Pages/People/Philm – Legends

I am near the end of Killing the Legends – The Lethal Danger of Celebrity – by Bill O’Reilly and Martin Dugard. The book is excellent, there are many facts included I did know, and several new insights into the lives of all three men of which I was unaware. The book is so well-written you read along at a quick pace. The book has a few photographs, but not many; I would have enjoyed more photos.

As far as the legends are concerned, I was always fond of one, disliked the other, and was a bit ambivalent about the third. My feelings haven’t changed much after reading, and I realize I should always trust my instincts.

ELVIS was one of three films that lured me into a movie theater in 2022. The other two, Downton Abbey – A New Era, and Where the Crawdads Sing were the others. I enjoyed the latter two, but ELVIS was my favorite. Where the Crawdads Sing was a close second, and after I saw the movie, I bought and read the book.

I am reading Chicken Soup for the Soul – Best Advice I Ever Heard, now, and loving it. A few days ago, I read chapter 51 by author Laurie Davies. Her topic was advice she received from a teacher on how to overcome her fear of elementary school recess. “Walk out onto that playground like it’s yours,” the teacher told her. This is advice I sure wish I had lived by in the past when uneasy or thinking myself out of place. Maybe in my senior years I’ll manage to live by her wise words. That brings my thoughts back to Elvis. He owned the stage he performed on, but through most of his career, offstage, he was owned and controlled by others. He couldn’t escape the web they wove, and was, in the end, consumed by the prison of success.

Perspective – Killing Kennedy by Bill O’Reilly and Martin Dugard



A strange fact crossed my mind a year or two ago. I commented about it to my husband, “Do you realize,” I asked, “The percentage of people who remember the day Kennedy was shot is much less than those who don’t remember?”

This felt like strange territory to me. It was another instance  that gave me pause about the fleeting nature of life. How could this be?  I was just barely six years old on November 22, 1963. I was a first grader at Mount Pleasant Elementary School in Easton, Maryland. My father was the pastor of the Wesleyan Church, known then as the Pilgrim Holiness Church, at 620 Goldsborough Street.  After lunch the principle of the school, Mrs Lyons, slipped into the door of Mrs. Johnson’s first grade room. We were told that President Kennedy had been shot and we all closed our eyes, bowed our head, and prayed for him.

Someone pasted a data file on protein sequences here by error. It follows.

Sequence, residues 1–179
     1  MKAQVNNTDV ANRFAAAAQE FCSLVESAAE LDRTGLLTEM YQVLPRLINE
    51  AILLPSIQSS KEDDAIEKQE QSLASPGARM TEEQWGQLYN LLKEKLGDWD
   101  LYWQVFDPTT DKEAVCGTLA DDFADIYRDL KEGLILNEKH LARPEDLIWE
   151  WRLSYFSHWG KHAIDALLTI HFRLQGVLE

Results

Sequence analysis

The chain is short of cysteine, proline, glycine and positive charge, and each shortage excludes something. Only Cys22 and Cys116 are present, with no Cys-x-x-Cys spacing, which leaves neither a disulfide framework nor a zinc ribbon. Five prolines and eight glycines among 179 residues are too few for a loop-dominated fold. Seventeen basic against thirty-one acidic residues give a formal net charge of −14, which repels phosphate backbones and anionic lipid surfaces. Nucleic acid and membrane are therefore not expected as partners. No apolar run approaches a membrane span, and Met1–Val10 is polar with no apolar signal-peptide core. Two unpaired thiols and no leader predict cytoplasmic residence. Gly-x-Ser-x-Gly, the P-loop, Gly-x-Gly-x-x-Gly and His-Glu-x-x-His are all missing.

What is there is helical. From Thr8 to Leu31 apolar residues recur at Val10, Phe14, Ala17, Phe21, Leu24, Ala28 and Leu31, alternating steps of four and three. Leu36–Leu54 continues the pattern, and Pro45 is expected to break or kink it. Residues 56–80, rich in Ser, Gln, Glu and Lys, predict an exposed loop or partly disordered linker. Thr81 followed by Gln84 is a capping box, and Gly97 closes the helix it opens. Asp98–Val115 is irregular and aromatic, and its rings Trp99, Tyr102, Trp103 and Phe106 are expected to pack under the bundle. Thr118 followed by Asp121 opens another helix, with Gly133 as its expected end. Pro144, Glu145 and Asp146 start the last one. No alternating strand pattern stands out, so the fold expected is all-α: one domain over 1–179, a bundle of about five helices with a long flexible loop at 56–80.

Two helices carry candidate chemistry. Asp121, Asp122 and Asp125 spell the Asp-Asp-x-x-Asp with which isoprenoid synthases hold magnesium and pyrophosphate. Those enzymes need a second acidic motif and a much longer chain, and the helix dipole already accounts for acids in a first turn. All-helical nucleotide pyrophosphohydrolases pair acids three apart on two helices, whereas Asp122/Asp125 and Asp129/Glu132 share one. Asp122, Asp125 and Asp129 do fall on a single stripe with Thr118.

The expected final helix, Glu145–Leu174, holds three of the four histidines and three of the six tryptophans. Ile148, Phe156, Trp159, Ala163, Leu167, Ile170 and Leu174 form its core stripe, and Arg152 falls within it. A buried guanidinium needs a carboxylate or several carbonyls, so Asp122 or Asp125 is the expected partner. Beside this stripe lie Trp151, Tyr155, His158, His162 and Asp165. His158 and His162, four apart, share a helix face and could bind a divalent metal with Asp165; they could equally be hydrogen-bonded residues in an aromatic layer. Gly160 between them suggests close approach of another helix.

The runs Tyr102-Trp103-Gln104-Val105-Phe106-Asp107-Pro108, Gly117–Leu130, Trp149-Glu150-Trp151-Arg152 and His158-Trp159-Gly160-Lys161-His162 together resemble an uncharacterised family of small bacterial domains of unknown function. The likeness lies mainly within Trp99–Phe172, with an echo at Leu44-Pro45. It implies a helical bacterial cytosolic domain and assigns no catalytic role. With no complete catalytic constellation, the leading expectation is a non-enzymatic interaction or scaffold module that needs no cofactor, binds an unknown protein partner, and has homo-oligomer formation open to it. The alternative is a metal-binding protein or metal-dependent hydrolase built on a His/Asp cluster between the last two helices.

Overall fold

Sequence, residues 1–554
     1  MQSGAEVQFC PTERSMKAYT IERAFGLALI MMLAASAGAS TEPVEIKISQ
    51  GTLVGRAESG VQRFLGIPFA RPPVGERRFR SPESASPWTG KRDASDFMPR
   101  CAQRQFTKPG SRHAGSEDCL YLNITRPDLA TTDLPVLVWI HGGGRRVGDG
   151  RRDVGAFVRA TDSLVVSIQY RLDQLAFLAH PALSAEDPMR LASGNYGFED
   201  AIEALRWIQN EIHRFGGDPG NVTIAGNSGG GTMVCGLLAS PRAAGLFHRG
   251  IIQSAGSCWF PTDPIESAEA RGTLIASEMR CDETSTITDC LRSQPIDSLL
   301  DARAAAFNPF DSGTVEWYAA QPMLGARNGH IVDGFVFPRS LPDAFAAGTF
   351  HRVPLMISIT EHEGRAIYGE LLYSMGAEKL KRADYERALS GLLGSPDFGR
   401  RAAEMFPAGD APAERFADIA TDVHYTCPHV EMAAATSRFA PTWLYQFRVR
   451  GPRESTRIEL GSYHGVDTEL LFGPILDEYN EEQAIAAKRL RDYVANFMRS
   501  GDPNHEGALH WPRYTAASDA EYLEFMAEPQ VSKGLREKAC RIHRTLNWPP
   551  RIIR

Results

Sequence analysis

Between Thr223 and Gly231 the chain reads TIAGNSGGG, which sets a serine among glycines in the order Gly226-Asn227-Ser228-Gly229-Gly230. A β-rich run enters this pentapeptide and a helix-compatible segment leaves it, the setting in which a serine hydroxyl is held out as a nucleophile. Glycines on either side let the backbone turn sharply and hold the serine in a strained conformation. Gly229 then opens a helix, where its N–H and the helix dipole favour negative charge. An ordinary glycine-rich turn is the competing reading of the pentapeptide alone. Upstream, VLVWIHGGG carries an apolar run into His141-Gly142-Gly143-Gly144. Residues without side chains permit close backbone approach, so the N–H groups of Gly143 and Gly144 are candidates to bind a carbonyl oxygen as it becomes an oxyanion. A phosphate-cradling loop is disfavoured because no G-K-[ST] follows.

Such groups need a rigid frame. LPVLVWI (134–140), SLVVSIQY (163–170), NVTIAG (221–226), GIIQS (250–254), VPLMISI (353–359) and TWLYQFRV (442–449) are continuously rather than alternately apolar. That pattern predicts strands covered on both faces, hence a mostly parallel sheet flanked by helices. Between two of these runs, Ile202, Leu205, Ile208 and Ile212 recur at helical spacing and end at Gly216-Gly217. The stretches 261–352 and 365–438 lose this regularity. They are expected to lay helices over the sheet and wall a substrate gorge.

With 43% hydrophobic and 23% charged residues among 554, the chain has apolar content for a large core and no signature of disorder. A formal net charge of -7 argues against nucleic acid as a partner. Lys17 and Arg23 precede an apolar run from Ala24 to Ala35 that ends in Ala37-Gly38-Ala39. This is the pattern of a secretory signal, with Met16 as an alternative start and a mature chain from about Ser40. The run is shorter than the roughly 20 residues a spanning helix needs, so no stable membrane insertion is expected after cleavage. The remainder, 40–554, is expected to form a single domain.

Oh, how times have changed!  In the age we are living in now the truth and calling upon God would not be allowed. How many lawsuits, how many newspapers articles and newscasts would happen if as a school and nation we were (with utter sincerity and purpose and not just as a convenient sound bite and spin) called upon to pray for anything? How we have fallen!

When we were dismissed we found out, from the parents who suddenly drove to pick up their children who always walked home, that our president had died.

As  young as I was I remember the solemn hush that fell like a dark cloud. I remember watching the funeral, the procession on black and white television. I learned a new word I had never heard before in my young life when the commentators spoke of…”the caisson carrying the president.”

Caisson – A horse-drawn vehicle, usually two-wheeled, used to carry artillery ammunition and coffins at military funerals.

I relate my experience of the Kennedy assassination to recommend the book written by Bill O’Reilly and Martin Dugard.   The book was very well-written, and I came away from it with a new appreciation for John and Jacqueline Kennedy. The book was not a whitewashed account. Flaws and weaknesses of the president and those around him were honestly revealed, but without being sensationalized.  It is regrettable that his assassination eclipsed so much of the good JFK accomplished while he served his term as president. I’m so glad to have read this honest and factual work. It is a terrific book.

Thursday will mark the forty-ninth year that has passed since JFK was assassinated.